Medieval Readers! Today, we’re hosting day 3 of Conor Byrne’s Book Tour and running an international contest to give away a copy of his latest novel: Queenship in England: 1308-1485 Gender and Power in the Late Middle Ages Want a chance to win it?
How did the saint come to marry? How are sexual relations portrayed in saints’ lives? How did the saint live after the death of or separation from a spouse?
We’ve just released our latest issue of the Medieval Magazine! In this issue: 5 Ways to Win Her Heart! Images of Medieval Love: The Manuscript of Pierre Sala (Stowe 955) Remembering Antiquity: The Ancient World Through Medieval Eyes Same-Sex Wedding in Renaissance Rome? How to be a Romance Hero in Five Easy Steps And much, […]
Author Toni Mount is back again, but this time with an in-depth look at daily life in Medieval England. Her book, A Year in the Life of Medieval England, explores war, medicine, marriage, disputes, work, and cooking. A fascinating almanac of bits and bobs about Medieval England from the most most mundane, to the most important events in its history.
Susan Abernethy’s latest piece looks at a letter from Sir George Talbot, Earl of Shrewsbury to his wife, lady-in-waiting to Elizabeth I, Bess Hardwick.
Following up on her post about Perkin Warbeck’s wife, Lady Katherine Gordon, Susan Abernethy brings us a love letter from the pretender to the Tudor throne to his future wife.
Seven independent Byzantine sources record that five times in the eighth and ninth centuries the winner in a competition of beautiful women became the bride of an emperor or future emperor.
The other day, a friend put me on to the very funny It Ended Badly: Thirteen of the Worst Break-Ups in History by Jennifer Wright, a modern and cheeky look at some truly awful splits from Emperor Nero to Debbie Reynolds and Eddie Fisher (and Elizabeth Taylor).
How Significant Were Perceptions Of Marital Fidelity As An Aspect Of Kingship In The Thirteenth And Fourteenth Centuries?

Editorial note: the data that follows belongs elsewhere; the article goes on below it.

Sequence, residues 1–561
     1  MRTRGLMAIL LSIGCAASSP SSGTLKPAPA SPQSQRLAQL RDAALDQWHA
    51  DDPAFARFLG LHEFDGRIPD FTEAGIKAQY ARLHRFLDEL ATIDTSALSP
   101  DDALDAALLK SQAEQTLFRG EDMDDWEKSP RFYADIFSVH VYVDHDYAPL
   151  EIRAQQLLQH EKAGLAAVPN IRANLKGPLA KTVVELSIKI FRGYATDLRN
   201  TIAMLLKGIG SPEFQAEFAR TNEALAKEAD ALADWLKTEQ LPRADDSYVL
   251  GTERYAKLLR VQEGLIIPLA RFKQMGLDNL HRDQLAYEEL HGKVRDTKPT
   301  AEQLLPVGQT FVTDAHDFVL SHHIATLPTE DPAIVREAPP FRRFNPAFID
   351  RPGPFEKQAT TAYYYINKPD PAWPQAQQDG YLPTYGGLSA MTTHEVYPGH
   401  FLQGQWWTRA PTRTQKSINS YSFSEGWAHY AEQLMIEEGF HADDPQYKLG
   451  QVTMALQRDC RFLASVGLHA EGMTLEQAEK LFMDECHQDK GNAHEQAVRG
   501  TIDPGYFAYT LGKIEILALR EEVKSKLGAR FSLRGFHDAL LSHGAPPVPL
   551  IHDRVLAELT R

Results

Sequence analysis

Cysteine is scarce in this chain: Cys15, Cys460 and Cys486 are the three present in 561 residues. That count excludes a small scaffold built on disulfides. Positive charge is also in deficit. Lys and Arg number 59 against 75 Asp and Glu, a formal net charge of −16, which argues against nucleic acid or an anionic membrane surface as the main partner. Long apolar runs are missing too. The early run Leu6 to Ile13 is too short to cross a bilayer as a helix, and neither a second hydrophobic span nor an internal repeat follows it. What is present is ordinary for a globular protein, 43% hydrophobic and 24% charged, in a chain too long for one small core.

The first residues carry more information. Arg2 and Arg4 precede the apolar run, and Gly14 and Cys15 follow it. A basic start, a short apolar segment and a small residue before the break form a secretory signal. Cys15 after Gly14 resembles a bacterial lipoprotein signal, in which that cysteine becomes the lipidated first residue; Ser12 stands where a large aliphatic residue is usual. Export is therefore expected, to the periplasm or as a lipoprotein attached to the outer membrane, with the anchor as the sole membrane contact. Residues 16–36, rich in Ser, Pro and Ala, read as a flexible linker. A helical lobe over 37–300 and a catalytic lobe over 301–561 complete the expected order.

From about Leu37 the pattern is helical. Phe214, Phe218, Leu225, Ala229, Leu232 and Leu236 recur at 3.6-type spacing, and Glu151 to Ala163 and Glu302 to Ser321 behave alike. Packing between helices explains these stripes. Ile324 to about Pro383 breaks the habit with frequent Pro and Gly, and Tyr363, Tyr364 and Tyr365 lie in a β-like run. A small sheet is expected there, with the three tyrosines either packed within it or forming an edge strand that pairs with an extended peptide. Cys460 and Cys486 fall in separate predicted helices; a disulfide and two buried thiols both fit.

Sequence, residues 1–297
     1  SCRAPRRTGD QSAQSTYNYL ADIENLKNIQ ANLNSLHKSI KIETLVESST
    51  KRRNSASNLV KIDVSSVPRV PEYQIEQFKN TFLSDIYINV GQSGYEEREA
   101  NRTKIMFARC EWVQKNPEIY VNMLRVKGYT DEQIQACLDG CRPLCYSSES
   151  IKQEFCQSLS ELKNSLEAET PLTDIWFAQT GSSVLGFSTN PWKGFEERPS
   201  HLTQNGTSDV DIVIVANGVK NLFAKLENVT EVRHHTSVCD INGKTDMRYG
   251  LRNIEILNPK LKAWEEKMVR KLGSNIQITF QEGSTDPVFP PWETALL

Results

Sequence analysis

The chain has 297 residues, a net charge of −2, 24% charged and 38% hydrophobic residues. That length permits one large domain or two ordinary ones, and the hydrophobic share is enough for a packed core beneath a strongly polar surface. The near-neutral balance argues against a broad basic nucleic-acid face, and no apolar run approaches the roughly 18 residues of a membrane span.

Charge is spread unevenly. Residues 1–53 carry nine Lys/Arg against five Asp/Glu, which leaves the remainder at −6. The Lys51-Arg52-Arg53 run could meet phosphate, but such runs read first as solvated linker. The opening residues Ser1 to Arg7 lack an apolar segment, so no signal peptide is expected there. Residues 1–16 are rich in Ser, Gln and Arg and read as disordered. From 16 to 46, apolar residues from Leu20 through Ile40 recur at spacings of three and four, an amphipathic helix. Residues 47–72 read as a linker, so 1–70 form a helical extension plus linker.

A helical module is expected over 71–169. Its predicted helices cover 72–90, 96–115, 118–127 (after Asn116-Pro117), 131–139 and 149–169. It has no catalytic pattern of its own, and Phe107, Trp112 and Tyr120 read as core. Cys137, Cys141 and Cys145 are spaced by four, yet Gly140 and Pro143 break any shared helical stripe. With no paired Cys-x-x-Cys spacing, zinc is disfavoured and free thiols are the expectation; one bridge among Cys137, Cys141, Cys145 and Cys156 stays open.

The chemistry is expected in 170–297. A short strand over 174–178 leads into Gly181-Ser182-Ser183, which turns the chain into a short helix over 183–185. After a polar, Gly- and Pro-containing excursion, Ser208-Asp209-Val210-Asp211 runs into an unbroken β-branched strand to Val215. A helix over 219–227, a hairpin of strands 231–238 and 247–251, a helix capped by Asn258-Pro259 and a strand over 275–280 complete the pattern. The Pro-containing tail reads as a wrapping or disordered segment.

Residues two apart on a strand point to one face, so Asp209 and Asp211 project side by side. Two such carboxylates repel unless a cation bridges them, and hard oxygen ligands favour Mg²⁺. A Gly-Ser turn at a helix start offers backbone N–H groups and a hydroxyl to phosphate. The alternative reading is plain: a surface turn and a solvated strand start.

This paper, concentrating on the above mentioned monarchs, will argue that marital fidelity, whilst no means encouraged as a form of acceptable behaviour, was rarely used to criticise the kings of England in the thirteenth and fourteenth centuries and played little part in perceptions of their rule.
Scattered voices: Anthonis de Roovere and other reporters of the wedding of Charles the Bold and Margaret of York
Both sources are of great value for those who study the Bruges wedding, with the impact it had on its contemporaries, and the way in which our present-day picture of it came about.
The (Attempted) Alliance of Alfonso VIII of Castile and Valdemar II of Denmark: the Infante Fernando’s Marriage Reconsidered
This paper presents the evidence for a lost marriage alliance between Castile and Denmark, contextualizes the marriage within the larger framework of Alfonso VIII’s international relations, and finally, demonstrates that the match can help to underscore the importance of crusading lineages in the affairs of the Castilian royal family.
Late Medieval Knight Reflecting on his Public Life: Hugo de Urriés (c. 1405-c. 1493), Diplomacy and Translating the Classics
This article focuses on Aragonese courtier Hugo de Urriés’s public profile by means of analyzing the critical points derived from examining his personal, political, cultural and historical stands making use of an invaluable primary source, his letter to Fernando the Catholic in the early 1490s.
My latest visit to the Victoria and Albert Musuem: 10 Medieval and Renaissance Things to See at the Victoria and Albert Museum.